Tea Syllabub: A Sweet Treat With Delicious History

Tea Syllabub: A Sweet Treat With Delicious History

Innovative desserts are often delightful and intriguing, but sometimes it’s fun to look to the past for inspiration to satisfy a sweet tooth. Syllabubs were all the rage in the 17th and 18th centuries, considered an essential part of the dessert tray and usually served alongside jellies and ices.

Tea Syllabub: A Sweet Treat With Delicious History

A Historical Treat

In its simplest form, a syllabub is simply cream mixed with sweet wine and whipped until frothy. Traditional recipes usually added lemon juice, lemon zest, a sprig of rosemary, and a sweetener. The mixture was then whipped up with a whisk made of birch branches tied together. It was tedious work, and writings of the time tell of the aching arms and elbows of the poor kitchen maids relegated to syllabub duty.

Once the mixture was whipped thoroughly, the frothy cream was then spooned onto a fine sieve where it drained overnight. The resulting foam served as a topping for sweetened wine.

Special syllabub pots allowed the diner to sip the sweet wine from the bottom of the glass by using a spout (similar to a teapot spout), while spoons were used to scoop up the luscious cream on top. Later on, the spout was removed and syllabubs were served in glasses and eaten with a spoon.

In the latter part of the 18th century, syllabubs were no longer being drained overnight. Instead, the cream and wine confection was whipped together a short time before being served, ensuring that the wine and cream stayed together, resulting in a light and airy dessert that could be served immediately.

Whip One Up

While a traditional lemony syllabub is delicious on its own, the dessert practically begs for experimentation. The cream and wine base may remain the same, but mixing and matching additives leads to a whole range of flavor sensations.

You can fold in fresh fruit or sprinkle the cream with toasted seeds or nuts or even chocolate. Try different herbs such as rosemary, mint, basil, or thyme — but use them sparingly or they will overwhelm the dish. Play around with wines, spices, and sweeteners to personalize your syllabub concoctions.

One simple way to add a unique dimension is to infuse the syllabub with strong flavored teas paired with a wine that suits. Try a berry flavored tea mixed with homemade plum wine, or an exotically spiced tea and a golden tawny port wine. You could even experiment with sparkling wines to add a layer of texture to the creaminess.

No matter how you mix your syllabub, you can never go wrong as long as you use quality cream and flavorsome wine and keep everything cold.

Tea Syllabub: A Sweet Treat With Delicious History

Berry Tea Syllabub

Serves 2

Ingredients:

  • 2 teaspoons loose leaf berry tea (such as Elderberry Apricot Tea)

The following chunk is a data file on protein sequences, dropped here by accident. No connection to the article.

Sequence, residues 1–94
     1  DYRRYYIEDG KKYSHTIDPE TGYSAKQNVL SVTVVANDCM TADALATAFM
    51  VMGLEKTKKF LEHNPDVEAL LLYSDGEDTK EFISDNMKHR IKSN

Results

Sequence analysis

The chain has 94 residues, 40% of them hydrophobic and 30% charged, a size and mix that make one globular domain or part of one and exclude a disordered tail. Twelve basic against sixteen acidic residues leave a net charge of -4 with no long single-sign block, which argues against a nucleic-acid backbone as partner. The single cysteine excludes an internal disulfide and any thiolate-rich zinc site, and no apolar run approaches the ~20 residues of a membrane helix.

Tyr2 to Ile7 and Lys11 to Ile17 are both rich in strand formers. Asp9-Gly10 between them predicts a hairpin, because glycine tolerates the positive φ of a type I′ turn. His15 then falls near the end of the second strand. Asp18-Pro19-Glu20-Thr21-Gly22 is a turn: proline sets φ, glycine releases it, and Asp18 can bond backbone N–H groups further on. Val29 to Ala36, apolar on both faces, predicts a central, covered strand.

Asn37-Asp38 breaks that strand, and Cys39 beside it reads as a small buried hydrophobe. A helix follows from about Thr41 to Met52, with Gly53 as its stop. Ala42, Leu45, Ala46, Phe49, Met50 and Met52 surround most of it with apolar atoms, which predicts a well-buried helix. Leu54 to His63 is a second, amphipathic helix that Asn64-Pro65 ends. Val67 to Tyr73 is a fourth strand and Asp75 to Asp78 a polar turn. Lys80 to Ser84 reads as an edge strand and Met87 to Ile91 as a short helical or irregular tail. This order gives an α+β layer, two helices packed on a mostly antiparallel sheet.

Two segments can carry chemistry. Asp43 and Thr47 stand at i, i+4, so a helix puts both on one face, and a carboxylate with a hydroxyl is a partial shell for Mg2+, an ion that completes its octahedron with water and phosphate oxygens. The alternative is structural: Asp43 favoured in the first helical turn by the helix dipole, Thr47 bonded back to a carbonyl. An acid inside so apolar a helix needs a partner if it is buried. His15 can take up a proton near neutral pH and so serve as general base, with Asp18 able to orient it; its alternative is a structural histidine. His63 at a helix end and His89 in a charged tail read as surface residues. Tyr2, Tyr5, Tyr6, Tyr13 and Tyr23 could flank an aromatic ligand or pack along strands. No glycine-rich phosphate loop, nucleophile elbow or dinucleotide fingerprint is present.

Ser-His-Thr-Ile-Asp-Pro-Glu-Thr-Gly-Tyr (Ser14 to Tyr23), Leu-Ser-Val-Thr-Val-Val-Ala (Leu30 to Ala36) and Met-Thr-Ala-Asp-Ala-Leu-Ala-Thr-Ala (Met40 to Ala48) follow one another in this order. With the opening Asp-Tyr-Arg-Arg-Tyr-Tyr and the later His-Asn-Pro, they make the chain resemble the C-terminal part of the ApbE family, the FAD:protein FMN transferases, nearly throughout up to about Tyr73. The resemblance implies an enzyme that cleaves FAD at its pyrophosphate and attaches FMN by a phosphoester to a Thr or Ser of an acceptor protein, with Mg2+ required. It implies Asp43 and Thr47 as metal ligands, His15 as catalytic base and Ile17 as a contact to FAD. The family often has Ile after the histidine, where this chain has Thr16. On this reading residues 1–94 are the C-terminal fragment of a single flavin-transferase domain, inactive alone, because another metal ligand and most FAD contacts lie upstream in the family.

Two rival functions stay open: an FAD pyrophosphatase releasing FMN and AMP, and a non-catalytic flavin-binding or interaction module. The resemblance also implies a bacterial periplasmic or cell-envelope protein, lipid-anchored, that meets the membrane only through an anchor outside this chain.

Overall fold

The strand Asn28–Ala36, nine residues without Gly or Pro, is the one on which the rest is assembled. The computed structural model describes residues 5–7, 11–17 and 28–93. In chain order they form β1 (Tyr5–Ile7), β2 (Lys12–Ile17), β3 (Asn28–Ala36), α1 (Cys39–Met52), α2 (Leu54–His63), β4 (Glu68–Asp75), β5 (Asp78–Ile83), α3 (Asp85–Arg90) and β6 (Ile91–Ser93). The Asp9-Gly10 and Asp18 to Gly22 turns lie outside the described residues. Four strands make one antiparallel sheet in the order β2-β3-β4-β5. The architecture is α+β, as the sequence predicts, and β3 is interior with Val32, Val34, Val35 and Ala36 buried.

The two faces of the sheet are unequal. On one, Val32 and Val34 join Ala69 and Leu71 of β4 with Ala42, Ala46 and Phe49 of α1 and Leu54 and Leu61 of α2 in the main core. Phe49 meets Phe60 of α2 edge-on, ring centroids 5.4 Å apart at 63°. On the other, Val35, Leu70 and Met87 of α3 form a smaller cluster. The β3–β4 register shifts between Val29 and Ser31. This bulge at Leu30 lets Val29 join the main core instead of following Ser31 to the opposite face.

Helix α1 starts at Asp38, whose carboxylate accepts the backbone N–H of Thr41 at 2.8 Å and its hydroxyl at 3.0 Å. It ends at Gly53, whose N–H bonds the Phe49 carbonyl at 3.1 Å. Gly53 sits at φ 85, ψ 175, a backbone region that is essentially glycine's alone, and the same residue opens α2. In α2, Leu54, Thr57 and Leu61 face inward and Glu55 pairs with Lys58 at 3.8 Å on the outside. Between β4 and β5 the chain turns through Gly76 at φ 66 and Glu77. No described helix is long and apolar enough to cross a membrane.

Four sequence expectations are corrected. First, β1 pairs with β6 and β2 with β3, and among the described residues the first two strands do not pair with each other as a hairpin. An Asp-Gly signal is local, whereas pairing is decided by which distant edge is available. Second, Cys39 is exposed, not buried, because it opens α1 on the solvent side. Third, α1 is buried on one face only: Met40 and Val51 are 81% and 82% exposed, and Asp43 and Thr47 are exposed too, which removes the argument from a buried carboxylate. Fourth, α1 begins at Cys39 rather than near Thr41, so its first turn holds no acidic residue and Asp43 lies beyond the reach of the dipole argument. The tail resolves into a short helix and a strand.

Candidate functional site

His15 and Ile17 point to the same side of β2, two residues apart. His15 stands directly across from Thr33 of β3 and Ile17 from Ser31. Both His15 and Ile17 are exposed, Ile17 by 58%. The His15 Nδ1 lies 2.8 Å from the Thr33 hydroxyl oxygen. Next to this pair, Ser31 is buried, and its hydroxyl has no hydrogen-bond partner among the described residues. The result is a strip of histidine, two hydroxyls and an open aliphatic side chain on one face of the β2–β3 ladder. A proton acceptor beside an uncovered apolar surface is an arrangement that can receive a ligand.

• 1/4 cup boiling water
  • 1/3 cup heavy whipping cream, cold
  • 1/4 cup plum wine, cold
  • 2 teaspoons real maple syrup
  • fresh mint leaves

Preparation:

Place loose tea in an infuser in coffee mug and cover with boiling water. Let steep at least 10 minutes, or until water is room temperature. Squeeze tea to release all flavor into water, and remove. Stir in 1 teaspoon maple syrup until dissolved.

In a non-reactive bowl, combine whipping cream, 2 tablespoons of cooled strong tea, 2 tablespoons of chilled plum wine, and remaining teaspoon of maple syrup. Beat until soft peaks form.

Place two glasses on counter. Pour 2 tablespoons of tea and 2 tablespoons of plum wine into each glass. Spoon in whipped cream mixture and garnish with fresh mint leaf.

Refrigerate until ready to serve.

Tea Syllabub: A Sweet Treat With Delicious History

Spiced Tea Syllabub

Serves 2

Ingredients:

  • 2 teaspoons loose leaf spiced tea (such as Portland Chai)
  • 1/4 cup boiling water
  • 1/3 cup heavy whipping cream, cold
  • 1/4 cup tawny port wine, cold
  • 2 teaspoons real maple syrup
  • 1/4teaspoon ground cinnamon

Preparation:

Place loose tea in an infuser in coffee mug and cover with boiling water. Let steep at least 10 minutes, or until water is room temperature. Squeeze tea to release all flavor into water, and remove. Stir in 1 teaspoon maple syrup until dissolved.

In a non-reactive bowl, combine whipping cream, 2 tablespoons of cooled strong tea, 2 tablespoons of tawny port wine, and remaining teaspoon of maple syrup. Beat until soft peaks form.

Place two glasses on counter. Pour 2 tablespoons of tea and 2 tablespoons of port into each glass. Spoon in whipped cream mixture and garnish with ground cinnamon.

Refrigerate until ready to serve.

Photos are courtesy of the author.

Tea Syllabub: A Sweet Treat With Delicious History

Krista Bjorn

Canadian born Krista Bjorn has been traveling and exploring for over 20 years and loves every crazy, embarrassing, and wonderful moment. She's lived in Russia and Portugal and now makes her home in beautiful Queensland, Australia, saving her pennies for her next trip. Her food, photography and travel blog is Rambling Tart.

What Tea We're Sipping on Right Now

Peach Popsicle Herbal Tea (Peach/Almond)

A great summer iced tea - like a popsicle without the mess. $7/oz,$6 as we say goodbye to this tea at the end of the month.

Add to cart

Pineapple Oops Green Tea (Citrus/Pineapple)

A delicious pineapple blend, such a summer treat. $7/oz, $6 as we say goodbye to this tea at the end of the month.

Add to cart

Spiced Berry Refresher Black Tea (Blackberry / Pomegranate)

A bold, refreshing blend perfect for iced tea. $7/oz, $5 as we say goodbye to this tea at the end of the month.

Add to cart

Loose Tea Accessories + Teaware

Care Packages (Tea Gift Sets)

Subscriptions

Sweets & Treats

Popular Tea Themes Right Now:
Fruit Flavored Tea, Any Dessert Flavored Tea, Our Best Floral Teas